Daily Debate: Should Nintendo Consider Bringing Zelda to Other Consoles to Utilize More Powerful Hardware? – Zelda Dungeon

“But it’s not a Nintendo, this is a…”

Nintendo is probably the most widely known name when it comes to early gaming consoles (unless you grew up in the 1970’s; then you probably have a special attachment to Atari and Pong). In fact, Nintendo is so prominent that most elderly refer to any console as a Nintendo; doesn’t matter if it is a PlayStation, Xbox, PC, or even a cheap Yahtzee electronic game you picked up from the dollar store. It is all the same for most aged 65+.

Nintendo vs. Sony vs. Microsoft

Over the years, Sony and Microsoft have introduced their own gaming consoles: The PlayStation and the Xbox, respectively. It was then a race of who could provide the best graphics, the fastest processor, the most storage, etc. Sony and Microsoft especially prioritized (by collaborating with various other companies) the creation of photorealistic games. This priority created a need for some heavy-duty hardware. However, deciding not to keep up with the “hardware wars,” Nintendo continued to focus on the quality and content of their games rather than graphics and resolution alone.

Where Did All The Pixels Go?

Enter the Nintendo Switch. While Nintendo chose to not battle in the console wars, they did decide to collaborate with different gaming companies to bring a larger variety of games to the Switch. Perhaps it is more accurate to say Nintendo chose to continue collaborating with third-party companies. They did originally feature third-party titles for the Wii U, but the Wii U was not a big hit and therefore third-party games were not well supported. In any case, the collaborations on the Switch included games that required more processing power. In order to support these games, something had to give. The Switch just did not have the necessary specs/hardware to run some of these games as they were. Any games that were graphics-heavy and were ported to the Switch had their visual quality/resolution reduced (by a lot in some instances).

If you have played some of these ported games on the Nintendo Switch you may have run into frame rate drops, pixel loss, stuttering (especially during combat scenarios), etc.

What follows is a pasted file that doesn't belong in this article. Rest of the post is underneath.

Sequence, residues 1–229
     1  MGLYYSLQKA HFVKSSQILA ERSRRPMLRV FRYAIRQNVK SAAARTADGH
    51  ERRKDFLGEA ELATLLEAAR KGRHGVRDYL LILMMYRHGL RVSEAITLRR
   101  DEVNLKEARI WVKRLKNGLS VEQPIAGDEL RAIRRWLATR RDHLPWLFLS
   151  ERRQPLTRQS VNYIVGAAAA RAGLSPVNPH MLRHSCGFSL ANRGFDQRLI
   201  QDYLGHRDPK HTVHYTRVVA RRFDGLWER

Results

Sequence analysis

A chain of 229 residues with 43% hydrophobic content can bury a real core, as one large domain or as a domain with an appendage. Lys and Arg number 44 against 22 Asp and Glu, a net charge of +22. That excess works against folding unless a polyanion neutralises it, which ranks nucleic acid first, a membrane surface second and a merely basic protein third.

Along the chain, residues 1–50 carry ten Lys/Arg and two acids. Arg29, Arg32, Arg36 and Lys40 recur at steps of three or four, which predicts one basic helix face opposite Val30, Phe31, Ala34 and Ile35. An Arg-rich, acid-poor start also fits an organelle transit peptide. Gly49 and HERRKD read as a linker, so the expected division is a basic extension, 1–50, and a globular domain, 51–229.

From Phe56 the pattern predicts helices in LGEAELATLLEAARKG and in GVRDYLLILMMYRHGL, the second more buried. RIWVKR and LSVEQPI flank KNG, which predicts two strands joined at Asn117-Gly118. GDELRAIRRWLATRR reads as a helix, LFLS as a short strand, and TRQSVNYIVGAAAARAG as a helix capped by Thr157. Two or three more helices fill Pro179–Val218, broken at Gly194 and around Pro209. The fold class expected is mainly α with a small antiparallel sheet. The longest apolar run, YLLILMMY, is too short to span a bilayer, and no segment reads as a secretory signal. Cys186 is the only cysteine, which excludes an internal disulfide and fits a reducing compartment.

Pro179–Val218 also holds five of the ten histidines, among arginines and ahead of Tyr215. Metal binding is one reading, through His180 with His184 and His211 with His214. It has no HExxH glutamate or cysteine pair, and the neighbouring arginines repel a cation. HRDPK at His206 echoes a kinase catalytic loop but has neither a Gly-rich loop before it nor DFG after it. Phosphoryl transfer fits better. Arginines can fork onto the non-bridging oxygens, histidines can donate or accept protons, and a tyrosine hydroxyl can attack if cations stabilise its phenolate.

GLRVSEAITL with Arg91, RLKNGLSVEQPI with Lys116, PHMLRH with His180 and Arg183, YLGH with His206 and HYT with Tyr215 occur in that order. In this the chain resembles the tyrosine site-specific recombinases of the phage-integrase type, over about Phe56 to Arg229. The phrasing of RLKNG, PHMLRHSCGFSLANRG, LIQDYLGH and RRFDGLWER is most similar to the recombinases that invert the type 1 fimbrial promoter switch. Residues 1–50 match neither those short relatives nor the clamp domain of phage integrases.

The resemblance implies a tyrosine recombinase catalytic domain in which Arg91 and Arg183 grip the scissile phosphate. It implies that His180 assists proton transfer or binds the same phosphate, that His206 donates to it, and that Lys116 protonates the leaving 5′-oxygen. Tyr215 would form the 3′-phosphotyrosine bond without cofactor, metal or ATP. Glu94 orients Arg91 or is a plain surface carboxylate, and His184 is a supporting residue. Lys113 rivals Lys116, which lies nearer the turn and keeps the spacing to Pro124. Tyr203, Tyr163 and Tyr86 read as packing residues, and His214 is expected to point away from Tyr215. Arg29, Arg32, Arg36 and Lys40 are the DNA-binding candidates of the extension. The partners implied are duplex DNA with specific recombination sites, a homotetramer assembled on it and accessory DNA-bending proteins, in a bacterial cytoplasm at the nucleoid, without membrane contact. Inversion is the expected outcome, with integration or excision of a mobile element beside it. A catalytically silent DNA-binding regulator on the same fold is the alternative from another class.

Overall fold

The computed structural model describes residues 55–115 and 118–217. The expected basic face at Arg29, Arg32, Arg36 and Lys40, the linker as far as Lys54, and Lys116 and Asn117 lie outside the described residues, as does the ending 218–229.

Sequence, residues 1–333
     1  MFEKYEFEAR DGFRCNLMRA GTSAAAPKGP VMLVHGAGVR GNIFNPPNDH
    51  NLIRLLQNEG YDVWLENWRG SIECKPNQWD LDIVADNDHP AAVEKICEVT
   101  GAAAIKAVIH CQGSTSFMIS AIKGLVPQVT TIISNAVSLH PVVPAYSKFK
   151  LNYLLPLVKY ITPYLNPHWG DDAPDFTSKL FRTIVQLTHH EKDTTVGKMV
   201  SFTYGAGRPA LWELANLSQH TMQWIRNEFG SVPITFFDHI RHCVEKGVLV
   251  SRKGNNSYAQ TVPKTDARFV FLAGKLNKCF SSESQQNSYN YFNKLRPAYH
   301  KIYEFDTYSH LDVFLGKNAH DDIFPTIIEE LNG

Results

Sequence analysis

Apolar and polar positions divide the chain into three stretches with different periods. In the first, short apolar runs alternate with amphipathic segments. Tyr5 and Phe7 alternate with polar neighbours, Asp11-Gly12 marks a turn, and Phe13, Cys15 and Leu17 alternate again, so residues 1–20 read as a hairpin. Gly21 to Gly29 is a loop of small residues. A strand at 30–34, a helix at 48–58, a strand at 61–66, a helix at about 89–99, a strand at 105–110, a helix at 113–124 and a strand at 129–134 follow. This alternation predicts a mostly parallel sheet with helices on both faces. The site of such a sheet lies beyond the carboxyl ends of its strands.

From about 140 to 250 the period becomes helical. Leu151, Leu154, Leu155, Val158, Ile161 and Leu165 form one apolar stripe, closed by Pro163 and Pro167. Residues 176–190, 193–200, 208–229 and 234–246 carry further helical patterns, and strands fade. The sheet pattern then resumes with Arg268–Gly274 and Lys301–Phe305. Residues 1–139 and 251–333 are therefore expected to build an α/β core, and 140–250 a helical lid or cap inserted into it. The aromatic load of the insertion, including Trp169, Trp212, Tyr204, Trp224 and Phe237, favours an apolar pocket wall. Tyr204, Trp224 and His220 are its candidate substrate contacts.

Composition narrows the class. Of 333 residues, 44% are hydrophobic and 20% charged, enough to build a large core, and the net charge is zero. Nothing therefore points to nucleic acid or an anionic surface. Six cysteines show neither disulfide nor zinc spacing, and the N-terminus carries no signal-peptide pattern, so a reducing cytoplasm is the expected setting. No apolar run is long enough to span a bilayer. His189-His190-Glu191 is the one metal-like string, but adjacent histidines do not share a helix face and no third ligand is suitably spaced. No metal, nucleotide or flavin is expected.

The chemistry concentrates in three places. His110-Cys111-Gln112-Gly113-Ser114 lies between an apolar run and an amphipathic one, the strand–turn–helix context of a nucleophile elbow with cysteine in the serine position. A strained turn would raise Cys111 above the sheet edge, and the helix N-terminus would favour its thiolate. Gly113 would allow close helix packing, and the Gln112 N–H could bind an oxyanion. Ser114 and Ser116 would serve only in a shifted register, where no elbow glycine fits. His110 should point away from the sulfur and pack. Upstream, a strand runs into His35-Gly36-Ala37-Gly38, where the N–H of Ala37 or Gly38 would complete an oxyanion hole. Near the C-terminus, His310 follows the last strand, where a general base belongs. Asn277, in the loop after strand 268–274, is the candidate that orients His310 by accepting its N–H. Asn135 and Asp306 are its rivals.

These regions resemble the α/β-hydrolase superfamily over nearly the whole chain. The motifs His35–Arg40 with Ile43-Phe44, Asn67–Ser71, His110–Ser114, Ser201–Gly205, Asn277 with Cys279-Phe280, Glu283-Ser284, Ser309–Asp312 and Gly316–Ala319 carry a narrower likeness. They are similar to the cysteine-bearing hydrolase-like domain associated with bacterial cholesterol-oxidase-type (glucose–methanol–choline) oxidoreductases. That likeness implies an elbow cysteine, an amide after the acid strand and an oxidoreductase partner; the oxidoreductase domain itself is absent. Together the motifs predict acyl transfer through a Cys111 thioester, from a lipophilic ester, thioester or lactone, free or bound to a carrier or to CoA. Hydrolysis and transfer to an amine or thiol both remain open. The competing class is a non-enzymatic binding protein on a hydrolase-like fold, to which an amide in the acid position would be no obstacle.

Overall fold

A perfect example of downgraded resolution in a ported game is YS VIII Lacrimosa of Dana. In the images below, we compare the Switch version of the game to the PS4 version. The quality drop is significant in this case. Another thing to note with this particular game, playing on Nightmare Mode will cause the game to crash during raid battles unless you are playing in docked mode.

Significant pixel loss in the Nintendo Switch version of the game YS VIII Lacrimosa of Dana.

A Really Real Link?

The Legend of Zelda is one of Nintendo’s most successful game series. After 35 years, people are still drawn to the hero Link and his adventures. The series has compelling storylines, colorful characters, and deep lore, and it is easy to pick up without a steep learning curve.

What would happen if Nintendo collaborates with big game developers who are known for solid graphics alá The Last of Us, Death Stranding, Halflife: Alyx, etc. and brought out a photorealistic Legend of Zelda game? Such a game would obviously not be able to run on existing Nintendo hardware, therefore it would need to be created specifically for the PS4/5, the Xbox Series X/S, or PC. It could of course get ported to a Nintendo system but at reduced quality.

If Nintendo decides to go this route, would you try it? Why or why not? Do you think that doing so would betray the Zelda franchise that has always been known as one of Nintendo’s trademarks? Are there perhaps enough games that are similar to the Zelda series already on the PlayStation and Xbox, and this would just be overkill?

If Nintendo did go this route and the game became a big hit, do you think that it would spark Nintendo to put more stock in their hardware in order to run more complex games in the future? Leave your thoughts in the comments below!